Q&A with Dave Sheets on Building a Championship Program

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Photo Courtesy: Atlantic 10 Conference

By Emily Thirion, Swimming World College Intern.

Dave Sheets has been coaching for the past twenty five years, and this season marks the start of his eighteenth year working at Duquesne University. Sheets has faced many challenges throughout his tenure as head coach, ranging from the University cutting the men’s program in 2010 to working with little scholarship funding and training within a facility that was constructed in 1970. Through all of this, Coach Sheets has maintained that the most challenging aspect of creating a competitive team – establishing an identity.

At this past year’s Atlantic Ten Conference Championship, Sheets was given the Coach of the Year award by his contemporaries after his team won their first conference title. Duquesne upset the reigning Richmond Spiders and ended a seven-year winning streak with a narrow margin of victory: 567 to 558. So where does the Dukes recent success come from? Sheets credits a long history behind its current roster. Swimming World had the opportunity to sit down with Sheets and discuss the components that comprise a high caliber program.

Swimming World: What are some of the foundational traits you have tried to instill in your program from the beginning of your coaching career?

Sheets: I think that your idea of cornerstone traits change as you grow older and become more experienced. I know that what I might have thought to be important in the first ten years of college coaching, I have found is not as valuable to me as what I have discovered through the next eight to ten years of my career. Traits that I value have evolved as I matured as a coach.

SW: This past year you won your first conference title. What does that mean to you?

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Photo Courtesy: Meghan Smith

Sheets: Obviously, to a certain extent, it feels a little bit like a justification for all the hard work we’ve put in. It’s rewarding because you look back and even though you tell yourself throughout your college coaching career, ‘Hey I think we can do this,’ or ‘As a program, we are capable of doing this,’ but until it actually happens, you’re just hoping. It is definitely a vindication of sorts for the things that our program has been through. It is more rewarding than anything else.

SW: What do you think made the 2017-18 team so successful?

Sheets: Last year was something that started about six years ago. Building the identity that we wanted to have as a program got us where we were in the position poised to do as well as we did. It was most certainly a process of finding the right young women who fit who we wanted to be. Step by step throughout recruiting, we said to ourselves: ‘Let’s get bright students. Let’s make sure they buy into what we are trying to accomplish.’ So I think it really took a significant period of time to get us where we were last season.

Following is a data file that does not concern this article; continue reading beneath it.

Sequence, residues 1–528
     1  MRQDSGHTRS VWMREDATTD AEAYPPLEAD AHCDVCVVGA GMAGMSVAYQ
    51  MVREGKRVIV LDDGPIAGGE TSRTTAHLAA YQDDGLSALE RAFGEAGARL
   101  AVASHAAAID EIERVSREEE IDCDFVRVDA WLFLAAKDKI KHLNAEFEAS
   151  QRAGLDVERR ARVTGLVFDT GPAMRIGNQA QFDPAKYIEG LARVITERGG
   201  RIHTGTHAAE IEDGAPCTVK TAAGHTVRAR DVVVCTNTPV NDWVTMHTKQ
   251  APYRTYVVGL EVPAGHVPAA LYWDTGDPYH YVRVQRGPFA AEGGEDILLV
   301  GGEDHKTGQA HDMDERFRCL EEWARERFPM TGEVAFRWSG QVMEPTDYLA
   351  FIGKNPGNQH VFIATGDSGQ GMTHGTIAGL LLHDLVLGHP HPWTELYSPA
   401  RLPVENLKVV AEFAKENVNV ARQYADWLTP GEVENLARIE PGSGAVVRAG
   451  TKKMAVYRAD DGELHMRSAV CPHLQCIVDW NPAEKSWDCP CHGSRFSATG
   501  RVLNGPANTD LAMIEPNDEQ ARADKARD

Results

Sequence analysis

SW: What do you tell your swimmers on a daily basis to foster the mentality you just described to me?

Sheets: I do not think that there is any one thing that I tell them day-to-day, but I hope that whatever I tell them in the pool daily carries with them into the classroom and beyond this program. I believe that there are different things that we focus on each day, but perseverance is involved every single day. We try to stress the importance of doing your best and being the best you can be. We don’t like to compare ourselves to anyone else. If each of the ladies can focus on being their best, then everything else that we do will fall into place.

SW: We’ve talked about those steps in a process for what you have felt to be a long road to a successful postseason. Looking forward, how do you plan on replicating that success?

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Photo Courtesy: Zac Weiss

Sheets: I think once you’ve set a foundation, in a sense, everything becomes a little bit easier. We have talked about how every year presents unique challenges. Right now, we are going through a period where we are still trying to indoctrinate the freshmen into our program. Our identity and who we are does not boil down to winning championships. It comes down to being successful holistically. If at the end of the season we look back and have grown as a program, winning becomes secondary. Conference championships are just a small part of what we do.

SW: All of that being said, what are you most proud of in your professional career?

Sheets: When we have our alumni meets, the number of swimmers who come back is awesome. Having the chance to be able to see them now as fathers or mothers or as coaches. I think having them come to the realization and recognizing that the values we talked about throughout their collegiate careers as elements of their lives that are important to them is huge to me. When I can see that I helped further their success as human beings, it is rewarding. That is what it means to build a champion.

2 comments

  1. Pat Kennedy

    Congratulations to Coach Sheets and the entire team.

  2. avatar

    Congrat’s Dave, it has been impressive watching the process be executed.